The stock market is notoriously volatile, and putting your savings in shares carries significant risk. But when done well it can be a profitable long-term investment strategy. Australians know this better than most: According to the ASX Australian Investor Study 2020, nearly half the adult Australian population currently holds investments other than their primary residence, and more than half of those own direct shares in publicly traded companies. Part of the reason for the popularity of investing in shares is a low barrier to entry â€“ buying and selling equity on the Australian Securities Exchange (ASX) is relatively straightforward even for a novice, by creating an account with either an online or full-service broker. This blog gives an overview of these two main methods of buying shares in Australia and explores the advantages and disadvantages of each approach.
How investing in shares works
Anyone who buys shares in a publicly-traded company becomes a part-owner of that company. Your stock value then rises and falls relative to supply and demand, dictated by both the current financial performance of the business in question, and the market's perception of its anticipated future performance. Investors typically aim to predict these fluctuations to sell their shares for profit.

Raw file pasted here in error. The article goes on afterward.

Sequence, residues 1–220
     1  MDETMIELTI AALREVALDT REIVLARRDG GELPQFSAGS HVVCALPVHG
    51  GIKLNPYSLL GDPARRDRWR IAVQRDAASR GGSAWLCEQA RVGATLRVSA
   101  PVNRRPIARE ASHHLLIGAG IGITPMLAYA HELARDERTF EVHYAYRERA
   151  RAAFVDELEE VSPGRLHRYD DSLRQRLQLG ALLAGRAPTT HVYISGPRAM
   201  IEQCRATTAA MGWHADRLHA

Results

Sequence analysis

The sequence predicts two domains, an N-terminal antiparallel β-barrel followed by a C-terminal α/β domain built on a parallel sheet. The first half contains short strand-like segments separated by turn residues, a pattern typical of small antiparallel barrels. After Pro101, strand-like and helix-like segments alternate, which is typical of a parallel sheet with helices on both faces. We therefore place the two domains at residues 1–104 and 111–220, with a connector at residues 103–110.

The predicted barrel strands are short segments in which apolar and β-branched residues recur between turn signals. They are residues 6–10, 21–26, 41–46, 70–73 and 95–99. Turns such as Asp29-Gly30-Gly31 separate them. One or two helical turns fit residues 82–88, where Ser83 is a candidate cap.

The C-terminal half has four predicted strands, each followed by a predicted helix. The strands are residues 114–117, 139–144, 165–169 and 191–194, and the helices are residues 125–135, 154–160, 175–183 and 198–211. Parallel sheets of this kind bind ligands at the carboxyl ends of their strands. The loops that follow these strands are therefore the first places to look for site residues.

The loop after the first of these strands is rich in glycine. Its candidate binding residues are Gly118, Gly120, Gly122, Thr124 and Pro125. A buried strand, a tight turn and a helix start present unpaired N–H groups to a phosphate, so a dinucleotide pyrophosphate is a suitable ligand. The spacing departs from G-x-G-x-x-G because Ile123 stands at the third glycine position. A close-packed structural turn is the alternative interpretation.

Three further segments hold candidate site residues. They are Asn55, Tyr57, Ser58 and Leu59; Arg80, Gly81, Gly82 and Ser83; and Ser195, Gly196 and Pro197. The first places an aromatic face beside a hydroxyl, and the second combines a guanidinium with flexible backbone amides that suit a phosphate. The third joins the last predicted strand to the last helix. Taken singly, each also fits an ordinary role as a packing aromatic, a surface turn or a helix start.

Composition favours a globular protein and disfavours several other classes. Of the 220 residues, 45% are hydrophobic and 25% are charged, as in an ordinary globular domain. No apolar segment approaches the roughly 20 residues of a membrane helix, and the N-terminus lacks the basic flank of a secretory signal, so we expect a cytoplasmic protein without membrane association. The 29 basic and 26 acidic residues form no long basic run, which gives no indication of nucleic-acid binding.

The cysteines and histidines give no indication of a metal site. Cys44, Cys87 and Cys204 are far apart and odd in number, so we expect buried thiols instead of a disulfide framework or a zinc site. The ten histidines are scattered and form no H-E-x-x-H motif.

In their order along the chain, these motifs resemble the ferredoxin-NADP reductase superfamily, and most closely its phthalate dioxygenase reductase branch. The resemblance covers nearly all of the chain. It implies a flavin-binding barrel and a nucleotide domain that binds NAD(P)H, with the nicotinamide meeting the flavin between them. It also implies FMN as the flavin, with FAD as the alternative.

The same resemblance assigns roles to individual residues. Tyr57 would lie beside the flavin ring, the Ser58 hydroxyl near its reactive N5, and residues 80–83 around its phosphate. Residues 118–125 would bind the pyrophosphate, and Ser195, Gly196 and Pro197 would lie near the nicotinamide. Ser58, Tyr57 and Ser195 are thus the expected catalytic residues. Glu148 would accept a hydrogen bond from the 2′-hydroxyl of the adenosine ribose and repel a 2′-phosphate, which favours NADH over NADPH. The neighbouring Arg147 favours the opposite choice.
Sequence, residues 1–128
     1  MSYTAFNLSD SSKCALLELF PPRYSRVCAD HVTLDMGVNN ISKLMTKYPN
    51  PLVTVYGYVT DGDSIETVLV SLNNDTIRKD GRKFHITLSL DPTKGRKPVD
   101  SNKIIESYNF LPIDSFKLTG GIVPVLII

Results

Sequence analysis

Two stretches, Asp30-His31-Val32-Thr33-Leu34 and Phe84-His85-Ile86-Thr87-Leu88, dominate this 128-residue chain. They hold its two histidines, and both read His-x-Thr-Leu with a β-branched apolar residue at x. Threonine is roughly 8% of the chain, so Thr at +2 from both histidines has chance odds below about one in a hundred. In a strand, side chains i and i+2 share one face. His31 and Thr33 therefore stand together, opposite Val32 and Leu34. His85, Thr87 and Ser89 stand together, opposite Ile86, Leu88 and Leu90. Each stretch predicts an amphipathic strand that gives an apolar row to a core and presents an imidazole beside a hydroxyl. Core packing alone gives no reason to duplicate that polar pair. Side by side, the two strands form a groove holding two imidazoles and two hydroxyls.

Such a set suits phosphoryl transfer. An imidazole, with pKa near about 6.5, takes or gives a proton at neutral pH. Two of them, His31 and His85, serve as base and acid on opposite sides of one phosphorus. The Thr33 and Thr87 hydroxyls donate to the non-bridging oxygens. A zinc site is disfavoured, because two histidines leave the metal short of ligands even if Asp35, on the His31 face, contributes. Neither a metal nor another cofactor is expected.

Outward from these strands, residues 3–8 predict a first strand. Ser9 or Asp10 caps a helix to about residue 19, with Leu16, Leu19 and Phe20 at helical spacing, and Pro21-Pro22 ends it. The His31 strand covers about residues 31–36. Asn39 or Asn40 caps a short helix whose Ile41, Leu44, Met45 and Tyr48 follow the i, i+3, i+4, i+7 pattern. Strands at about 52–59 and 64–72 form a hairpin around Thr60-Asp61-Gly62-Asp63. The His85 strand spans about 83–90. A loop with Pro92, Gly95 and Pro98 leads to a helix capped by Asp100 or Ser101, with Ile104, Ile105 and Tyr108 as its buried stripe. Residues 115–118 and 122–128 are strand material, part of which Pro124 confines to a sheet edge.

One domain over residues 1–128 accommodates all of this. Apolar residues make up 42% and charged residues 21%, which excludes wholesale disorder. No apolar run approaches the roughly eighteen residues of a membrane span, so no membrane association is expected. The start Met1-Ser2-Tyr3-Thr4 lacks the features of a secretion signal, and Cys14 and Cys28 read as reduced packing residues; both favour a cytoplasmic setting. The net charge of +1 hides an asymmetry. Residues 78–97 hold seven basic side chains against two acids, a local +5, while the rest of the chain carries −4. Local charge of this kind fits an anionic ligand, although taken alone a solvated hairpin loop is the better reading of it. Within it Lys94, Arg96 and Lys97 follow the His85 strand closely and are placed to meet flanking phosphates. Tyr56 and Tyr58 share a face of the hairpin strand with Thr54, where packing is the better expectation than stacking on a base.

Of course, like any investment, buying shares carries risk. Market perceptions can be flawed, stocks can be overvalued, and share prices can drop suddenly based on market cycles, legislative changes and various other factors which are sometimes difficult to predict. If this happens, your shares may end up being worth less than you paid for them. If the company you've invested in fails completely, you could potentially lose your entire investment.
On the positive side, as well as having the option of selling shares for profit where possible, shareholders in some companies earn an income on shares, receiving a portion of the business's annual earnings in the form of a dividend, generally paid out twice a year. Ordinary shareholders are also usually entitled to vote at general meetings on issues such as the appointment or removal of company directors. Public companies are legally obliged to hold these meetings at least once a year.
How to buy shares
The Australian Securities Exchange (ASX) is tightly regulated. To begin buying or selling shares, investors must sign up with a licensed third-party broker who will conduct transactions on the ASX on their behalf. It's easy to create an account with either a full-service broker or an online trading platform, but choosing which method will suit you best depends on a number of considerations.
When you begin trading, the advice offered by the ASX is to start with a minimum of AU$2,000. With almost all brokers there is a minimum order size of AU$500 for your first purchase of shares in any ASX listed company. In placing an order with your broker, you can choose to buy shares at market price as soon as possible, or you can set a limit price, stipulating the amount you are willing to pay for a certain share. The settlement period for Australian sharemarket trades is two days, meaning payment must be made on the second business day after any purchase. Once a trade has been executed, your broker will supply you with a Confirmation Contract Note.